Last month, CBS renewed NCIS for a 17th season. The crime drama, which premiered way back in 2003, is one of the longest-running TV shows in history and the second-longest-running drama currently airing, after Law & Order: Special Victims Unit.
Clearly, NCIS is a popular show — CBS execs wouldn’t keep it on the air if it wasn’t. But just how many people are watching Agent Gibbs (Mark Harmon) and his team from the Naval Criminal Investigative Service solve crimes? And is it the most popular show on TV?
NCIS is TV’s top drama
Nielsen recently released broadcast TV ratings for the 2018-19 season, and the numbers show that NCIS is still one of the most-watched shows on network TV.
The show was No. 3 in total viewers this season, with an average of 15.57 million viewers, Deadline reported. Sunday Night Football on NBC claimed the top spot, with 19.28 million viewers, while The Big Bang Theory was No. 2, with 17.31 million viewers.
NCIS reclaimed the top drama spot this season after coming in second to This Is Us in 2017-18. NBC’s tear-jerking family drama had 17.4 million viewers that season, compared to 16.7 million for NCIS.
The other top dramas for the 2018-19 season include NBC’s This Is Us, with 13.8 million viewers, and fellow CBS shows Blue Bloods, with 12.64 million viewers, and FBI with 12.37 million. Manifest on NBC averaged 12.61 million viewers.
The top 10 programs on television this season are:
But NCIS is less popular with a key demographic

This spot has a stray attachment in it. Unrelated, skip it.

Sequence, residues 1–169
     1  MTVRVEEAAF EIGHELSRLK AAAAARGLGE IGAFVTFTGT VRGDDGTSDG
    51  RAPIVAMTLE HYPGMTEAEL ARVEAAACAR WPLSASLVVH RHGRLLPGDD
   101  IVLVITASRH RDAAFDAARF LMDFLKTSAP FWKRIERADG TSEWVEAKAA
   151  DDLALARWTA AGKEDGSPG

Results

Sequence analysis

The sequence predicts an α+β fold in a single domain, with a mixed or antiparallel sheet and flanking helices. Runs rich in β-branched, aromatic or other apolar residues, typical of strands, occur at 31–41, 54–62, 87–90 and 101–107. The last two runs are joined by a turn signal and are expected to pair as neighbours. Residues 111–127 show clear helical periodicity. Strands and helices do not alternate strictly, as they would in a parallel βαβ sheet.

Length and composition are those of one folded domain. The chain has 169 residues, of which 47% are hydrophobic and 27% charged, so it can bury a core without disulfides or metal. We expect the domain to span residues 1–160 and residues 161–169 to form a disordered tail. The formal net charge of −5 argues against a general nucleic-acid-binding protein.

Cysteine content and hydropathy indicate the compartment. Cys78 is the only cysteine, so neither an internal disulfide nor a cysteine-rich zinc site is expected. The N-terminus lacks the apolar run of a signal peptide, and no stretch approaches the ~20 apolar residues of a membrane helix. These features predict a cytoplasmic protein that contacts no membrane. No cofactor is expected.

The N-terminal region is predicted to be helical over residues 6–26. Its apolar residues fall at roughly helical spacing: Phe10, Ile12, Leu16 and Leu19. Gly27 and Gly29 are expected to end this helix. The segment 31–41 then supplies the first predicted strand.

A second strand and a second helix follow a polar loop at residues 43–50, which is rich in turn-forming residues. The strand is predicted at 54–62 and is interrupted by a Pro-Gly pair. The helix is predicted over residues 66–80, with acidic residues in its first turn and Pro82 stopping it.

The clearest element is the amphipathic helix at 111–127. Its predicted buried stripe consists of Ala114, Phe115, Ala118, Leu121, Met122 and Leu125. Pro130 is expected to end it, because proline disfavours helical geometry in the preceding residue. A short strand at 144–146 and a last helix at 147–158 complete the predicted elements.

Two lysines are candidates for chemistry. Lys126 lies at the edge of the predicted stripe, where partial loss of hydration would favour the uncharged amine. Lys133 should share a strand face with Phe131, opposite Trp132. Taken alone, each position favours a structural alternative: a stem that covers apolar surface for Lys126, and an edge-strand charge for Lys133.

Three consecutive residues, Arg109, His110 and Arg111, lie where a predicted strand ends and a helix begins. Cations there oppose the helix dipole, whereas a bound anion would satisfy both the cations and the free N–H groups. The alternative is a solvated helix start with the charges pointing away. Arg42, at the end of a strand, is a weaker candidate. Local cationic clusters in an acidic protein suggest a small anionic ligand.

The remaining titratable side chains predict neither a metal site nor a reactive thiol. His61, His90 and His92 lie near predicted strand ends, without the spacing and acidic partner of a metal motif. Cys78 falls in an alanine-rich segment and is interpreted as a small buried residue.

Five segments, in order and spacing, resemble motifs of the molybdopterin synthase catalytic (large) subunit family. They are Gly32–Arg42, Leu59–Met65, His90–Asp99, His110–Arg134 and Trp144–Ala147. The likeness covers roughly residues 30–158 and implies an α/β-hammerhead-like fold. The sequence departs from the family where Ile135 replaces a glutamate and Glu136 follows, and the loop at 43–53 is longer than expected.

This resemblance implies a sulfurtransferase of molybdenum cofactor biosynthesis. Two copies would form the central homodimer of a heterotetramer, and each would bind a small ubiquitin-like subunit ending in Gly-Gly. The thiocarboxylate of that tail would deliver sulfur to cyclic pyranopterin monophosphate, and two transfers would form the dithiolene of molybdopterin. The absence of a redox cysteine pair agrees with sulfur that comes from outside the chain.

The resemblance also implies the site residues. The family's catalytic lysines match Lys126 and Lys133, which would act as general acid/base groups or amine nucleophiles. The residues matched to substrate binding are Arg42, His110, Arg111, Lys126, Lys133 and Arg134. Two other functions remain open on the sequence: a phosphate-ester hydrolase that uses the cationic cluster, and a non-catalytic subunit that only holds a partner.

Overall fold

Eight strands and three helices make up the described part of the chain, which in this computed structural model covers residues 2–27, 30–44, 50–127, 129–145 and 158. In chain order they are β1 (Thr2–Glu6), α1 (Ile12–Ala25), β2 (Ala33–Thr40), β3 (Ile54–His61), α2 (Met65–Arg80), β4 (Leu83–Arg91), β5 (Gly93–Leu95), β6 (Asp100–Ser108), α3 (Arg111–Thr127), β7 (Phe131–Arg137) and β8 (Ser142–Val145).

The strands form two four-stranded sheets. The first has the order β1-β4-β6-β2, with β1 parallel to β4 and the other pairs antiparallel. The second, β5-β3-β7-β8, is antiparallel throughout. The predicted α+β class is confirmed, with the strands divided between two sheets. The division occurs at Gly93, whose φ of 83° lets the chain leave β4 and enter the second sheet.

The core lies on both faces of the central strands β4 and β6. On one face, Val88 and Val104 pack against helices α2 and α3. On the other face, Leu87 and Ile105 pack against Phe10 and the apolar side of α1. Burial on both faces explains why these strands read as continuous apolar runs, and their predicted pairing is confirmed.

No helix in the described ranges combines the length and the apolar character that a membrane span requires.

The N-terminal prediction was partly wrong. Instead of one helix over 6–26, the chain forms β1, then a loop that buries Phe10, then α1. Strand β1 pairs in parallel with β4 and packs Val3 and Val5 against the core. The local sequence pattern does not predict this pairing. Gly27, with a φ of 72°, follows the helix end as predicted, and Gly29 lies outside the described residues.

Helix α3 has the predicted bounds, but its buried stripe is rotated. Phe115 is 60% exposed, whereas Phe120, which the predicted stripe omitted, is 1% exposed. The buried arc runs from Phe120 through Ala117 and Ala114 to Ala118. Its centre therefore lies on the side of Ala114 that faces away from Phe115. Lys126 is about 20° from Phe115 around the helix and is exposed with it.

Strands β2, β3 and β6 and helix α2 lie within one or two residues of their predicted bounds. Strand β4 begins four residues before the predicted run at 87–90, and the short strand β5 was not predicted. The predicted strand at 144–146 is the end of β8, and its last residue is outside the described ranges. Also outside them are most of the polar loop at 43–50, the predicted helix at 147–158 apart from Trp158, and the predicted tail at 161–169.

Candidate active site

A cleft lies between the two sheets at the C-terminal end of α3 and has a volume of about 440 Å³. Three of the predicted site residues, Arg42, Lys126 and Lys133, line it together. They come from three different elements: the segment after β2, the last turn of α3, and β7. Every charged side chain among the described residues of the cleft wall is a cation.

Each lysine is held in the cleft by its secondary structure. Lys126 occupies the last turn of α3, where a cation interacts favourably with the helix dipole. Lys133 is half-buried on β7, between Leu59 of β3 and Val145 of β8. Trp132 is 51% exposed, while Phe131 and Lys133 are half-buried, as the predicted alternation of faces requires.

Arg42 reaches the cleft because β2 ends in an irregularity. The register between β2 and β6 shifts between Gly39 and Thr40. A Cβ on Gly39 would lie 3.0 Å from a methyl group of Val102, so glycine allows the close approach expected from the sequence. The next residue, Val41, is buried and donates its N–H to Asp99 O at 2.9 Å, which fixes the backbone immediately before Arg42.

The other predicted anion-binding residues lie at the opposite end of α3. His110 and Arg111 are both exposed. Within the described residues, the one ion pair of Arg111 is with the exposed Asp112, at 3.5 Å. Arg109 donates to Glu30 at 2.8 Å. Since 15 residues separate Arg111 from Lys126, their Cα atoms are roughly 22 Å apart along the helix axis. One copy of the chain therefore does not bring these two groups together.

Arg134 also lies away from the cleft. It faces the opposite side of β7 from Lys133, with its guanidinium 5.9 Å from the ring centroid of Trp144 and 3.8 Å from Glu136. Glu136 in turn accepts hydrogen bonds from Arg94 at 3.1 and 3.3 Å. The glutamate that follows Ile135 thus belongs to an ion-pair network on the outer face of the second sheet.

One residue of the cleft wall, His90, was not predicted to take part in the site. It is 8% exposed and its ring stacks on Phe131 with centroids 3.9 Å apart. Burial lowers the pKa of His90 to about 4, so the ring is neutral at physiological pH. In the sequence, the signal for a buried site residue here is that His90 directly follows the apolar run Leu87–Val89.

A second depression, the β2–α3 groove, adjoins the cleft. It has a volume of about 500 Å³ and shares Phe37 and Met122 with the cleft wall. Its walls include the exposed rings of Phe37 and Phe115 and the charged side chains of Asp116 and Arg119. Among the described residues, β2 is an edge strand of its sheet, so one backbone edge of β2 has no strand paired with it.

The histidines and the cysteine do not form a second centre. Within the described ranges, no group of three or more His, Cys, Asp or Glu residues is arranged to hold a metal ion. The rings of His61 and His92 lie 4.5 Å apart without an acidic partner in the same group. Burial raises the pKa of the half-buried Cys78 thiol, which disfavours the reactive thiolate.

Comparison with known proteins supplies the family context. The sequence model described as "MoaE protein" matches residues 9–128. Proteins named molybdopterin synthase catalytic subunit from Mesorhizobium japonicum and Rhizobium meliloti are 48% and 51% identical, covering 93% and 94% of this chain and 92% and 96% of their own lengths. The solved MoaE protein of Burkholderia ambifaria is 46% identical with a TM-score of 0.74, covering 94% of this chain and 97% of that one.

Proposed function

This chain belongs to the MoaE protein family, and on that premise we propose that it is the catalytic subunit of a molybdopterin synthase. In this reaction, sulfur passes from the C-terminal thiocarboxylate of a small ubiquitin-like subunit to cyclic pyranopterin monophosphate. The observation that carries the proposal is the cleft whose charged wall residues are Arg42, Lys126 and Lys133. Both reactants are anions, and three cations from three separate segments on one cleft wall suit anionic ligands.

Millions of people are tuning in to watch NCIS, but it’s not the most popular show when you look at the key 18-49 demographic. Those younger viewers tend to be most appealing to advertisers, though that has changed somewhat as more youthful audiences have shifted to streaming.
When you look at the 18-49 demo, NCIS is No. 25 overall, with a 1.9 rating. Compare that to This Is Us, which has a 3.8 rating, The Good Doctor, which is at 2.4, and Empire at 2.0.
The audience for NCIS skews older. The median age of its viewers is 60. It’s most popular in cities like Louisville and Pittsburgh, according to the Washington Post.
But the fact that NCIS is not a huge hit with younger TV watchers doesn’t appear to be a problem for CBS. The original show is going strong and has also spawned two spinoffs, NCIS: New Orleans and NCIS Los Angeles. That’s a pretty impressive feat for a show that is itself a spinoff of another CBS program, JAG.
“ NCIS is the jewel in the family crown,” Leslie Moonves, then CBS’s chief executive, told the Washington Post in 2014. “We don’t see this losing popularity any time soon.”
Read more: ‘NCIS’ Season 16 Finale: Will Gibbs’ Big Reveal Lead to His Retirement?
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